Circles within circles

May 7, 2006

Now and then, I expect to blog on theology and religion. That’s not easy to do for a mixed audience, small as I expect my audience to be. It’s not all that easy when I’m the only audience I’ve got, since the conversations I have with myself on religion already involve a throng of interior interlocutors and points of view: the long discredited but in some ways fondly remembered atheist I was for a few years, the admirer of Paul Tillich, the sympathetic reader of Talmud and of the Blue Rock Collection, the guy who feels most at home when worshipping with evangelicals, and the fellow who blanches with horror at the politics that pop out in the same services’ sermons.

I’m likely to chatter blithely about the common heritage of mystics from all traditions, like some latter-day Richard Bucke. And then I’m likely to start hammering on some arcane doctrinal point by flinging around prooftexts (though I prefer to think of it as “close reading”) like the most Bible-besotted preacher who ever waved his King James in the air.

Rather than talking about “natural” and “revealed” theology, Tillich said that theologians speak sometimes from outside and sometimes from inside “the theological circle.” It seems to me that the theological Inferno or Paradiso is composed of many more circles than that. Once someone abandons materialistic monism, and starts thinking of mind or consciousness as things that cannot be reduced to the buzz of a neural switchboard, however entangled with and even dependent on that switchboard they may be, she has stepped into the first circle. Confident that the innermost circle contains all the rest, I will give myself permission to be sloppy about which one I’m speaking from.

Still, I wouldn’t want to be deliberately confusing. So by way of orientation, I’ll deal a few simple cards face up on the table right here. I am an orthodox Christian, by which I mean that I can recite the entire Apostle’s Creed without crossing my fingers behind my back or placing selected words in scare quotes. There was a virgin birth, there was a resurrection on the third day… you know, the whole six yards. I cop to being both “born again” (blinded on my particular Damascus road at 26) and “evangelical” (the Christian message is both “eu” – good, and “angelical” – news, information about real events rather than just a way of looking at things.) I regard the Bible as the proper court of appeal for resolving moral and doctrinal issues within the church, but not as an inerrant text on science or history.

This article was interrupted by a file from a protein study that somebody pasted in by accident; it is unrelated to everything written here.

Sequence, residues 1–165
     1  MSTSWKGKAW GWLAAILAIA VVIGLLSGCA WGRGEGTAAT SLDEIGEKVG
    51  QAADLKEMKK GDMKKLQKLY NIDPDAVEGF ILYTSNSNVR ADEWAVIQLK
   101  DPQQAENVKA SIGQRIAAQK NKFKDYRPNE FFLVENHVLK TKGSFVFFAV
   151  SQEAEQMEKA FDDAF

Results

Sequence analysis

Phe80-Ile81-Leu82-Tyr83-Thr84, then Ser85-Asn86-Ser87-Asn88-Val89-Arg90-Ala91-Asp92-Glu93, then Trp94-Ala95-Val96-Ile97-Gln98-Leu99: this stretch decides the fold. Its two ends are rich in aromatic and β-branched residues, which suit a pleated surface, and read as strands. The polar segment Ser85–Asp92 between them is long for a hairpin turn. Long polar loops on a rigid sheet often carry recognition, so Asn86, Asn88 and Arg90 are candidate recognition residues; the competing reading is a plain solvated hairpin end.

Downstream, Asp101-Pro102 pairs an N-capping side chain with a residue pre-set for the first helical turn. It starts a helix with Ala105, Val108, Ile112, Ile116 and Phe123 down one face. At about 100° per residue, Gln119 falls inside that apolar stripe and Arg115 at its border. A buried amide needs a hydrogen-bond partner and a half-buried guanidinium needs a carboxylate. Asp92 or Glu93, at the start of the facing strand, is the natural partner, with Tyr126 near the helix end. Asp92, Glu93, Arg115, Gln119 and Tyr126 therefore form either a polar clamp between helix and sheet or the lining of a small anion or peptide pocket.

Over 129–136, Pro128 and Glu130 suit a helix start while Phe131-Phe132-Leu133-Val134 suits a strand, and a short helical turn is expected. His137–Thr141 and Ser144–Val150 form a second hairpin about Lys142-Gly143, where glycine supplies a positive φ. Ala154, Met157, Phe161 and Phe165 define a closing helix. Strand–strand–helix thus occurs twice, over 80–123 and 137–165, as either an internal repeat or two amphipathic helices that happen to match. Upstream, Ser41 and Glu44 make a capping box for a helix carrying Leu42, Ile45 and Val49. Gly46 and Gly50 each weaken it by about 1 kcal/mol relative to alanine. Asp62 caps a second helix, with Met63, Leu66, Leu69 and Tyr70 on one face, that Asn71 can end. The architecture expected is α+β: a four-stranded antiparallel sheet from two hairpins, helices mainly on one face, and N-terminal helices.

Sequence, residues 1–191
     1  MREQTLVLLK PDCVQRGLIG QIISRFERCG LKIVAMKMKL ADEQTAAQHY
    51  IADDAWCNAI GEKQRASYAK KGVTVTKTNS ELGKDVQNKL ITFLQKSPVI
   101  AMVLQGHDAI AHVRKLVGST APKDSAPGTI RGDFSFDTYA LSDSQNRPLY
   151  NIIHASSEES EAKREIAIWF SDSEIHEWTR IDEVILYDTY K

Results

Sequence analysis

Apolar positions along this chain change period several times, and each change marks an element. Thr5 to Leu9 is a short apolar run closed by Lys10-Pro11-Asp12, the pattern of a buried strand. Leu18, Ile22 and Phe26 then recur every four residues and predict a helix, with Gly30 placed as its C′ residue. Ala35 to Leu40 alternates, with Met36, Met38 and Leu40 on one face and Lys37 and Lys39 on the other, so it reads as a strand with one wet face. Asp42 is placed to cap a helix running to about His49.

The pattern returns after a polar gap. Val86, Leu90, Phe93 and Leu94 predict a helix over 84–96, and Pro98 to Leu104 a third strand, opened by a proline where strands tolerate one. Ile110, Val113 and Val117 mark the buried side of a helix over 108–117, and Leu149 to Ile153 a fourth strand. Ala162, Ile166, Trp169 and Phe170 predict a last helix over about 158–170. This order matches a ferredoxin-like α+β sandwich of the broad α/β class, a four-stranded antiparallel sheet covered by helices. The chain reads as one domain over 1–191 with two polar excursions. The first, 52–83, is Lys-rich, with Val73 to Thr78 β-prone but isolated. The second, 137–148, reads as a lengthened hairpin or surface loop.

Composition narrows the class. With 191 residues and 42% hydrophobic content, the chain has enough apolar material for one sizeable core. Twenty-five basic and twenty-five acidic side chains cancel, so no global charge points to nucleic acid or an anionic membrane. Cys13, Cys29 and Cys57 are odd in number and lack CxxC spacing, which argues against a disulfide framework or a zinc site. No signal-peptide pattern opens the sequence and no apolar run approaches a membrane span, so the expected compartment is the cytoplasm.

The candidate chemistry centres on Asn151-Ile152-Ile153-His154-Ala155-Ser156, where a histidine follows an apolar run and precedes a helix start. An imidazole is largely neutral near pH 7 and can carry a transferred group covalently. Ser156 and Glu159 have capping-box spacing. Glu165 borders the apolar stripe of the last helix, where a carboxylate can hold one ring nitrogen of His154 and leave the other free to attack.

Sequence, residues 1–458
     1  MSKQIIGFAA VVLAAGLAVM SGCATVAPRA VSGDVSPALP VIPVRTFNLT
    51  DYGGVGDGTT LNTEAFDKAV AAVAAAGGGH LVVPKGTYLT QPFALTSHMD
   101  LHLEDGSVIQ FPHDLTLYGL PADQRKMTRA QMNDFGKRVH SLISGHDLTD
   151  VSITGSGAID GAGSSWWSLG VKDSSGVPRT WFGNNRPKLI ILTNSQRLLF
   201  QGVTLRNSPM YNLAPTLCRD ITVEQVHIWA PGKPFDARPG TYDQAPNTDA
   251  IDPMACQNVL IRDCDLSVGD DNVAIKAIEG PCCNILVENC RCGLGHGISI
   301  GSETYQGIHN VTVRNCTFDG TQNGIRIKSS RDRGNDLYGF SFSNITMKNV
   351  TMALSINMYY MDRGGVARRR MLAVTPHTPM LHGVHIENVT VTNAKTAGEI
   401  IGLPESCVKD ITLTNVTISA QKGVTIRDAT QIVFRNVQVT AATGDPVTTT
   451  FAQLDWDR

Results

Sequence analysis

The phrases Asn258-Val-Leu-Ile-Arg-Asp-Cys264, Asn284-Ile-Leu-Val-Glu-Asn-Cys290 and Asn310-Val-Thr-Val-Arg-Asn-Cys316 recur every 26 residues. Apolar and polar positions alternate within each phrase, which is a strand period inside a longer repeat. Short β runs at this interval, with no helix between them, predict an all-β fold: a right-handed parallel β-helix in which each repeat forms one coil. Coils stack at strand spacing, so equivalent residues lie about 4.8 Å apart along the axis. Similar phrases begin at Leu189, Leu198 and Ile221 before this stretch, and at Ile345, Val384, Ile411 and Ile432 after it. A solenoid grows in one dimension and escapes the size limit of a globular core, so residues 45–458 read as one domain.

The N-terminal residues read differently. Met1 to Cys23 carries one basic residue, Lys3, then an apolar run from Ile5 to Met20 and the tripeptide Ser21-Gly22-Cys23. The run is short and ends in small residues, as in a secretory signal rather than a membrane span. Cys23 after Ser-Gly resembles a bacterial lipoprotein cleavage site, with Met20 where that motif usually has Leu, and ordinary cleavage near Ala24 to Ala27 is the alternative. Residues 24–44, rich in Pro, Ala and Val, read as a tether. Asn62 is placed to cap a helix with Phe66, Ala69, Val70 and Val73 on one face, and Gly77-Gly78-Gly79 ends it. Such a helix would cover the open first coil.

I also cheerfully acknowledge that I could be wrong about all of that. I feel no obligation to believe it, I just find that I do. And I certainly feel no obligation to drag anyone else kicking and screaming into believing any of it. If my faith happens not to be folly, that kind of heavy hauling is God’s job; if it does happen to be folly, it’s no one’s job at all. What I can do, piece by unsystematic piece, is explain why a set of beliefs, so bizarre to the uninitiated, coheres for me both with itself and with the endlessly intriguing world I live in.


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